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went theresa may stood in downing street talking about opportunity, helping people who need a leg up in society, that has been brushed aside, it is brexit will stop no, it isn't. other things are going on. in terms of the health service, more money has been put in. what i am arguing for is to get the brexit issue, the biggest issue facing this country for generations, we were in the eu, we thought it would work, some voted yes in 1975. we concluded it didn't work. the british people were given the chance to govern themselves. that is the big picture. we had to pushit that is the big picture. we had to push it through, we have the withdrawal bill, the bottom line is
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the house of lords looks like it won't oppose it. so, get on with it but also have a very positive vision. the opportunities are huge. talking about positive vision, should the prime minister be saying, i will be talking about the nhs, housing, things people can relate to. banging on about brexit, many people are frustrated and bored. brexit is important but my huge concern is we brexit is important but my huge concern is we are not brexit is important but my huge concern is we are not talking about these other issues. we should be thinking of radical solutions on housing, using the extra monies raised from cutting corporation tax to redistribute to build social housing and affordable housing for those in overcrowded accommodation. we have the march of the robots, jobs will be taken over by artificial intelligence, we need to rocket boost skills and spend money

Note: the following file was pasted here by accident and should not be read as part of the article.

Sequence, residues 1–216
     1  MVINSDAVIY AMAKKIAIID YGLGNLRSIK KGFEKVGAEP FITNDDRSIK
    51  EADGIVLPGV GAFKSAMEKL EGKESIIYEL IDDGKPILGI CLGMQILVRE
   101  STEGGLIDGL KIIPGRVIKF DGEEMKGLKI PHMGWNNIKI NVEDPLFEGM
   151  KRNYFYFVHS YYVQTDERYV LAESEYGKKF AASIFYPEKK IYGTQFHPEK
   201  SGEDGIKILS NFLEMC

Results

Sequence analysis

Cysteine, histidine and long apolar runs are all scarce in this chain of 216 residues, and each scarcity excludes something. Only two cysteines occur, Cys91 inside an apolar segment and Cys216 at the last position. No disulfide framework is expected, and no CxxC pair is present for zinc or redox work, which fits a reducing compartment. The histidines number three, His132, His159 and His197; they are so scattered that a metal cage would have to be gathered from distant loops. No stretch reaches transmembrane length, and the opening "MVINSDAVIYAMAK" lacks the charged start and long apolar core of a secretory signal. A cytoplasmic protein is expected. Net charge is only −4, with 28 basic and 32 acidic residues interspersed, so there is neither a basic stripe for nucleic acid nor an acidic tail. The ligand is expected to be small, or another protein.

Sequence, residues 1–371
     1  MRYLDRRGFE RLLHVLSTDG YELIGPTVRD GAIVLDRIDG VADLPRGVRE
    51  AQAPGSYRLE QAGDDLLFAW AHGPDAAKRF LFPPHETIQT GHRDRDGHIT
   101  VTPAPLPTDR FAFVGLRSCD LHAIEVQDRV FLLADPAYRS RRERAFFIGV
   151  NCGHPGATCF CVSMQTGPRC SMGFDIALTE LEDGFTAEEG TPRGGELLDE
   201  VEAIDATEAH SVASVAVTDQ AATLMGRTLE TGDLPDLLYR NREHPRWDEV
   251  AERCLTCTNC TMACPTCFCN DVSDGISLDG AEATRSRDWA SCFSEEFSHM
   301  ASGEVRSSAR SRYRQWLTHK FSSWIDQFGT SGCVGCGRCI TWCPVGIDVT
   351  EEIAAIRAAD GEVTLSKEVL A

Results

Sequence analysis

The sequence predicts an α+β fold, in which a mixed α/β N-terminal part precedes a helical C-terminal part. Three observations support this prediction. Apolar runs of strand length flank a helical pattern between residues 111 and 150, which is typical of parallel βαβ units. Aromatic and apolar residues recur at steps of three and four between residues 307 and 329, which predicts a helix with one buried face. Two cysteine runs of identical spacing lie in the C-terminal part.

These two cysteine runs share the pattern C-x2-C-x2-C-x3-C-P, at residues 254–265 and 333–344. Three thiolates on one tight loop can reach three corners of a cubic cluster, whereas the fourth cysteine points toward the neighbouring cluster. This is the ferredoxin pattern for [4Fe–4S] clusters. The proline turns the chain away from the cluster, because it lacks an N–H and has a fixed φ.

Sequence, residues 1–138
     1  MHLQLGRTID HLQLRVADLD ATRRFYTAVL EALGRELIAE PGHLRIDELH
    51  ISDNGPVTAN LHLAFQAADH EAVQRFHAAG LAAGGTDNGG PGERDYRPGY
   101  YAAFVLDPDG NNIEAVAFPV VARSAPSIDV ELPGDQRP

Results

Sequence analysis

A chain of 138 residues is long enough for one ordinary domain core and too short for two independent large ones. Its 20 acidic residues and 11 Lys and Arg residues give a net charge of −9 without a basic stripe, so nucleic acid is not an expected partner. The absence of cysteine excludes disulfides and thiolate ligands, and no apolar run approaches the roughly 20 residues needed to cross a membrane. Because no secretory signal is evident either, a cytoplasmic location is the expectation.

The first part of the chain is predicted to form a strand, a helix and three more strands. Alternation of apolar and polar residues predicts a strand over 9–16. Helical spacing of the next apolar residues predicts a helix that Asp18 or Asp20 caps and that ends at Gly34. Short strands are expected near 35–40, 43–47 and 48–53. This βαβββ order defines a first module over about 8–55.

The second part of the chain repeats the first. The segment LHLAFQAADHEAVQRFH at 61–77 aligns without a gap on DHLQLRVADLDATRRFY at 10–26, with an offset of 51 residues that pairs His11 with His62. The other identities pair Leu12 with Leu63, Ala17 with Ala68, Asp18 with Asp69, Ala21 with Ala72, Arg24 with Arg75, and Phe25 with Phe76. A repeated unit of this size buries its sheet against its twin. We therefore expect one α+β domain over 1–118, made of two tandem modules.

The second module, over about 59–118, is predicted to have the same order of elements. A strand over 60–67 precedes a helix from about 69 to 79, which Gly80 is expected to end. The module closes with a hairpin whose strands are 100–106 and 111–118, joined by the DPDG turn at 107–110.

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on that, and reform technical education and universities. we need a new nhs tax, a conversation about how much should be spent on the nhs above the real terms increase. we have deep social injustices, so many who take free school meals who don't get good gcses, children excluded. the prime minister made it her mission when she got to downing street, of course brexit will always be there, but it is like groundhog day. i thought that was a fairy tale now every day on the radio, groundhog day is true, hearing about brexit. i say to the prime minister... hang ona minister... hang on a minute basically, all the objectives you set out are right, robert. the problem is, you want to
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have your own laws to make the changes needed. you need the money. lam not changes needed. you need the money. i am not disagreeing. i am saying you have to get the priorities right. this is the greatest issue of our generation, about who governs us. our generation, about who governs us. the eu has never worked for us. you have made that point. there is another problem. there is no majority for the conservatives, they are working in a hung parliament. that restrained what they can do for domestic policy. with the snap election manifesto, some ideas weren't popular, they had to be the end. the core of government plans has been stripped out. brexit is the most obvious thing to replace it. all this talk about... hang on. about finding a new leader,
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theissueis hang on. about finding a new leader, the issue is i don't think that the main things won't change. even with a more charismatic leader, the issue is there is no majority. it is true we don't have a big majority, that is a constraint. if the prime minster had said these are the prime minster had said these are the five things i want to change for our country, i will do everything i said whenl our country, i will do everything i said when i got into downing street, evenif said when i got into downing street, even if we lose votes in parliament, it doesn't matter because the public would see us doing the right thing. let us make the argument, stand up for all the things we believe in, skills, housing, nhs, cost of living, socialjustice, skills, housing, nhs, cost of living, social justice, and skills, housing, nhs, cost of living, socialjustice, and go out there. i would say one thing, the last thing the country needs isjeremy corbyn and his government. that is another factor we haven't mentioned.